They sell blog filler and "insights" to major corporations including MS, HP, IBM etc. who just happen to be some of the worlds most frequent patent suit defendants. Obviously, he has failed to report his conflicts as any reputable reporter would. But then Masnick and his monkeys are not reporters. They are patent system saboteurs receiving funding from huge corporate infringers. They cannot be trusted and have no credibility. All they know about patents is they dont have any.

     

    reply to this | link to this | view in thread ]

  68.  
    identicon
    Anonymous Coward, Aug 14th, 2012 @ 8:31am

    Re: Re: Re: Re:

    "The progress" is a non-sensical term, so using it in a sentence renders the sentence likewise non-sensical. Adding "that" does nothing to cure this.

     

    reply to this | link to this | view in thread ]

  69.  
    icon
    jupiterkansas (profile), Aug 14th, 2012 @ 9:37am

    Re:

    Bob only shows up when Google is mentioned so he can rant about Big Search.

     

    reply to this | link to this | view in thread ]

  70.  
    identicon
    Vic Kley, Aug 14th, 2012 @ 11:47am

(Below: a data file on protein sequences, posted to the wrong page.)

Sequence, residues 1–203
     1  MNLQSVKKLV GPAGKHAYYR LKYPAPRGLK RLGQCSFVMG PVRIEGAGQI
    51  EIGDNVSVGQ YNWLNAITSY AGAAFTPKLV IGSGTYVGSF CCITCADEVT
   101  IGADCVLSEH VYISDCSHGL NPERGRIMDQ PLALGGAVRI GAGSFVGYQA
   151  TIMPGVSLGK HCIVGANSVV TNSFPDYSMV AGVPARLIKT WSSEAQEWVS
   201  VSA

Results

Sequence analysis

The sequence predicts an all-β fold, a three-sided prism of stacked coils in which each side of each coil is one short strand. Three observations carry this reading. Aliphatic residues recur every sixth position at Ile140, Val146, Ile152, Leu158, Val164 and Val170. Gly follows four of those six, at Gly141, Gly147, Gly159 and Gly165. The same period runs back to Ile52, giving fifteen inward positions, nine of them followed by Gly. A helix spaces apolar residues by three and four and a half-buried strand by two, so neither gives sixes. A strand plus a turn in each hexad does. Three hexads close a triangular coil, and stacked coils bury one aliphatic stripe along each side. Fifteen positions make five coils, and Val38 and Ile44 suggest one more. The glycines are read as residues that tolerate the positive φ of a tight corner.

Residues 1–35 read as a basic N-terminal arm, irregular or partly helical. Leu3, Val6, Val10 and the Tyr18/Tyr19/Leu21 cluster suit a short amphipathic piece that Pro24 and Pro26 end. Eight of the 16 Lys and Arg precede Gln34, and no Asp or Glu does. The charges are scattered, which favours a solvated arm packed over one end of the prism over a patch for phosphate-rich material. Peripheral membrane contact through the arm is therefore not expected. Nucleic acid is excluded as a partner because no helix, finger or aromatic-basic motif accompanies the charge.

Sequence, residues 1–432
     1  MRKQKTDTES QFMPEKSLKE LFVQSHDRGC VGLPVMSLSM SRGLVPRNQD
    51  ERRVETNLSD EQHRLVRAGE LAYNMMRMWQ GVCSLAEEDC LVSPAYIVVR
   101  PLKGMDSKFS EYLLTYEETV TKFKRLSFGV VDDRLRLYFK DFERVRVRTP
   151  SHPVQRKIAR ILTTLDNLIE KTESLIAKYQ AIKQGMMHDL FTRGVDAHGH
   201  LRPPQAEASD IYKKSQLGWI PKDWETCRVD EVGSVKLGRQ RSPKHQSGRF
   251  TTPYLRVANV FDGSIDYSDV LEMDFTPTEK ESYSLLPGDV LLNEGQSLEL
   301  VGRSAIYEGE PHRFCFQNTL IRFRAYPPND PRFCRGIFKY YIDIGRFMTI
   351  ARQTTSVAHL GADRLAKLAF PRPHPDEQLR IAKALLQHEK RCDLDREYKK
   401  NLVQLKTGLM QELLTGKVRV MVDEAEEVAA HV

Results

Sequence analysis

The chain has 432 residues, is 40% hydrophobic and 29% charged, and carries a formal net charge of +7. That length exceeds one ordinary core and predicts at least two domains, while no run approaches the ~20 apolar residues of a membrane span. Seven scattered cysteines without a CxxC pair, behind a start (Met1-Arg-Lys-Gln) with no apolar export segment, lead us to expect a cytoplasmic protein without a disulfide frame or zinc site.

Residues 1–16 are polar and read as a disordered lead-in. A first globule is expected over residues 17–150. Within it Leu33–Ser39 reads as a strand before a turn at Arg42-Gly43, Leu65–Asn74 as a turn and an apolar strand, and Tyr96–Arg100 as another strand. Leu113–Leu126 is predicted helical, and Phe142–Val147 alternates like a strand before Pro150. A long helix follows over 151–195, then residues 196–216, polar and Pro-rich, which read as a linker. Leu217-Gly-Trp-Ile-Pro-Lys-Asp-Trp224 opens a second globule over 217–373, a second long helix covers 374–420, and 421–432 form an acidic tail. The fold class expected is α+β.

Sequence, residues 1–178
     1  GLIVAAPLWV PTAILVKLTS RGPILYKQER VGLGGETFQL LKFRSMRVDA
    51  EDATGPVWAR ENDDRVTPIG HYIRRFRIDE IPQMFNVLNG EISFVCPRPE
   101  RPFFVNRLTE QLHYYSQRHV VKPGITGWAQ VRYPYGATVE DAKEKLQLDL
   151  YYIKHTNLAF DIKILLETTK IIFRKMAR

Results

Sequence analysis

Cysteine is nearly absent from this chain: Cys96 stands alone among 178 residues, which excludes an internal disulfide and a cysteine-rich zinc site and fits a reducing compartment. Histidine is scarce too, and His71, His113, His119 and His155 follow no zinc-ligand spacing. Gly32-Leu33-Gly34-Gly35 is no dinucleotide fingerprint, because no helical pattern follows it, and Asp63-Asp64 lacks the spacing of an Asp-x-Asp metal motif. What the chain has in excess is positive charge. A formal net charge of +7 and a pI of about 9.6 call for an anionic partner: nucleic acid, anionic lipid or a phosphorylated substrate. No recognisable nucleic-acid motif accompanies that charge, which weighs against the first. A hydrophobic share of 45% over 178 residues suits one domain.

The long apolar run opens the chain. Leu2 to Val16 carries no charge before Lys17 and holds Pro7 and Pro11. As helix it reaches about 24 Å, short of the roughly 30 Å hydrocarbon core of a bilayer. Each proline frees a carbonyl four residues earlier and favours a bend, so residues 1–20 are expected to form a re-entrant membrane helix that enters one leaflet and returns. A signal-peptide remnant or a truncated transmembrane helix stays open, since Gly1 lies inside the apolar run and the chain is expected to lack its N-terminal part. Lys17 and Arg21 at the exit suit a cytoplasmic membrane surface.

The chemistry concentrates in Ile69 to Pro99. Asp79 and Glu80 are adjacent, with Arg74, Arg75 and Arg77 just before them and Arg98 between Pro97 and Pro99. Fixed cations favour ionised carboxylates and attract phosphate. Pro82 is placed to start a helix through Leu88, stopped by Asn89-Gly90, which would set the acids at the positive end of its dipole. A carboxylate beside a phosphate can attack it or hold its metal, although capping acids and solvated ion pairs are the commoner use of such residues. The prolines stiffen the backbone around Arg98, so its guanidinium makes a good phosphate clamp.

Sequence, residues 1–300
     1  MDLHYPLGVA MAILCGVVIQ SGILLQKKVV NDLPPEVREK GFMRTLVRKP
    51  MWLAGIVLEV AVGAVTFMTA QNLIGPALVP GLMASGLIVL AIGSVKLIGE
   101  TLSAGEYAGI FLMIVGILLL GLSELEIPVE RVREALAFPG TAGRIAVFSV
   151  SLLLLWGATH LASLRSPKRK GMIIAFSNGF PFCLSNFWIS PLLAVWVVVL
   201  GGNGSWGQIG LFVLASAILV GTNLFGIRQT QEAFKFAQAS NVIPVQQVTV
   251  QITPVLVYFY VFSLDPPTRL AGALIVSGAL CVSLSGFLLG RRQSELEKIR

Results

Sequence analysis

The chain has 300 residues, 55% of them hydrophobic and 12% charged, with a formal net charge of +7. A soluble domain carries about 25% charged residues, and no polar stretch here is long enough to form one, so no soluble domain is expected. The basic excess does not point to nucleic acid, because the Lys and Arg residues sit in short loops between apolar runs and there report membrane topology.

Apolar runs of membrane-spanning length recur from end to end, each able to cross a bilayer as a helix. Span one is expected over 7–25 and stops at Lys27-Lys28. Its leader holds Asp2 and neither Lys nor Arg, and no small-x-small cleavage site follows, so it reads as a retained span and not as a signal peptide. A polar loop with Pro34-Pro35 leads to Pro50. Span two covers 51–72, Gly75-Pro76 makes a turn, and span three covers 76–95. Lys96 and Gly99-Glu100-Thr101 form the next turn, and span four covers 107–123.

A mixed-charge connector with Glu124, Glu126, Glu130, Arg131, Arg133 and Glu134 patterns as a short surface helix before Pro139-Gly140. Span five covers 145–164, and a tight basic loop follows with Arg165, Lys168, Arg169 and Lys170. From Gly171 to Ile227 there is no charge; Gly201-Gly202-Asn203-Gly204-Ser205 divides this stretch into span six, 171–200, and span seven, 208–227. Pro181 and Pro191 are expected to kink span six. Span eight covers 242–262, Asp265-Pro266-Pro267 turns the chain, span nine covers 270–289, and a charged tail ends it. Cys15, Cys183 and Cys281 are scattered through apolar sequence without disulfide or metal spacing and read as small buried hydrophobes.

Ferguson is wrong, fits right in with Masnik

    Patents almost always are based on elements that are pre-existing.

    Assembled in a unique and non-obvious way to solve one or more problems they are not in any way inevitable.

    The very best patents once understood are compellingly obvious IN HINDSIGHT ONLY.

    As I have for Masnik I took a quick look on google.com/patents for Mr. Ferguson, and like Masnik, "Kirby Ferguson" doesn't have any patents or any idea what it takes to invent anything besides the B.S. he spouts.

     

    reply to this | link to this | view in thread ]

  71.  
    identicon
    Anonymous Coward, Aug 14th, 2012 @ 12:12pm

    Re: Re: Re: Re:

    It's interesting how the company that carries Disney's name is using the empire he created in large part based upon the work of many, many others to make sure that nothing ever goes into public domain again.

     

    reply to this | link to this | view in thread ]